Published Date: 2012-05-25 12:11:59
Subject: PRO/EDR> Legionellosis - New Zealand (04): (AU) fatal
Archive Number: 20120525.1144719
LEGIONELLOSIS - NEW ZEALAND (04): (AUCKLAND) FATAL
A ProMED-mail post
ProMED-mail is a program of the
International Society for Infectious Diseases
Date: Thu 24 May 2012
Source: stuff.co.nz [edited]
An outbreak of legionnaires' disease in Auckland has claimed a 2nd life and infected 16 people. Legionnaires' is a form of pneumonia that can be life threatening for people with weakened immune systems.
In February  the Auckland Regional Public Health Service warned of an outbreak and began working with Auckland Council to encourage shock-dosing of all cooling towers and industrial water-cooling systems, in a region-wide effort to stop the disease spreading.
To 1 Apr 2012, 12 people had been infected and in March it claimed its 1st victim, an elderly woman who was already ill. Figures released under the Official Information Act yesterday [23 May 2012] show a further 4 people have been infected and another person has died. That person was also believed to be suffering from underlying health issues. The health service couldn't say where the deaths occurred because they don't record that information. A further 2 people contracted legionnaires' [disease] between January and February 2012 but their cases occurred before the outbreak. Typically one or 2 cases are identified in a 6-week period.
Those infected contracted the disease from a water source, which may include air conditioning systems in buildings, the health service said. It was believed more than 600 buildings shock-dosed their water-cooling systems following the health scare. However, the health service has been unable to establish a definite link between the cooling systems and the outbreak.
The health service believes the "warm, damp summer" period may have provided a breeding ground for the bacteria. "We thought of any situation where there would be old water droplets in the air and had to think outside the square," said spokeswoman Cathy McIntosh. In the past 27 days only one person had contracted the disease so if there are no further cases in the next fortnight health authorities will rule the outbreak is over.
The health service is trying to safeguard against future outbreaks, including working alongside the Department of Labour to test workplaces as potential sources of infection. "[The outbreak] has put a reminder in places to help people understand that they have a responsibility," McIntosh said.
Symptoms of legionnaires' can include headache, diarrhoea, dry cough, drowsiness, and delirium. It is treated with antibiotics, however, most people who contract the disease are hospitalised with pneumonia.
[When ProMED-mail last reported on this outbreak of legionellosis in Auckland, NZ (Legionellosis - New Zealand (03): (AU) fatal 20120425.1113122), there were a total of 15 cases, including one fatality; all were caused by _Legionella pneumophila_ serogroup 1. Now there are a total of 16 cases, including 2 deaths. Because there has been only one additional case in the past 27 days, if there are no further cases in the next fortnight health authorities will rule the outbreak is over.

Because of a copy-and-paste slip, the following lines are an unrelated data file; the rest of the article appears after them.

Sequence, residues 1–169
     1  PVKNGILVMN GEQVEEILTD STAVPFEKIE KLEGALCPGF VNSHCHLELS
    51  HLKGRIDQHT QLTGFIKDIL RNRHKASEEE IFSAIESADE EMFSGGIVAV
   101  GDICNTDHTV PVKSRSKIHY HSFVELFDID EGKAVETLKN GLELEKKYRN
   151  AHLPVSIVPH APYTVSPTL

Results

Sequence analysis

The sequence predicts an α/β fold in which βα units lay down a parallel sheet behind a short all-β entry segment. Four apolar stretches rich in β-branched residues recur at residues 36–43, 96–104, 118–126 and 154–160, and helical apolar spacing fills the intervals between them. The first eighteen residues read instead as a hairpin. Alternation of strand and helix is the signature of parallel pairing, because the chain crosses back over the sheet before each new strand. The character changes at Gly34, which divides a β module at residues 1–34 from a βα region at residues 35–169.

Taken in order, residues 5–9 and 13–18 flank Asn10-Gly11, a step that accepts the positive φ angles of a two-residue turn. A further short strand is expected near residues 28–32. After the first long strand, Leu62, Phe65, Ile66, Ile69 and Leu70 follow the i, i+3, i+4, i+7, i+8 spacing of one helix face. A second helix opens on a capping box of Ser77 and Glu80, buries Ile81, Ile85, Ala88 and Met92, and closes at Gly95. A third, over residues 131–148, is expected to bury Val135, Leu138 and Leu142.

Contaminated water has been hypothesized as the source rather than contaminated potting mix, because _Legionella pneumophila_ serogroup 1, a waterborne pathogen, was incriminated in all cases rather than _Legionella longbeachae_, a species that is commonly found in potting mix, compost, and soil and cultured from the respiratory specimens in patients with community-acquired pneumonia associated with gardening and exposure to potting mix and compost, especially in Australia and New Zealand.
We still do not have information concerning genotyping of _L. pneumophila_ isolated from patients in the current outbreak. A single genotype would suggest a common source, and could be matched to any environmental isolates. Frequently, however, if the diagnosis of legionnaires' disease is made only on the basis of urinary _L. pneumophila_ serogroup 1 antigen testing or serology, rather than isolation of the organism from cultures of respiratory tract specimens, genotyping of clinical isolates would be not, of course, possible.
The Auckland region is on the North Island; it is one of the 16 regions of New Zealand, with a population of almost 1.5 million (one third of the nation's residents) in 2011, and is the country's largest urban area, which encompasses the Auckland metropolitan area, smaller towns, rural areas, and the islands of the Hauraki Gulf (http://en.wikipedia.org/wiki/Auckland_Region). The Auckland Central Business District is densely built-up, with high-rise buildings mainly used for commercial and retail uses, although there are residential high-density buildings and a population of about 40 000 residents (http://en.wikipedia.org/wiki/Auckland_CBD).
The HealthMap/ProMED-mail interactive map of New Zealand can be accessed at http://healthmap.org/r/1VY-. - Mod.ML]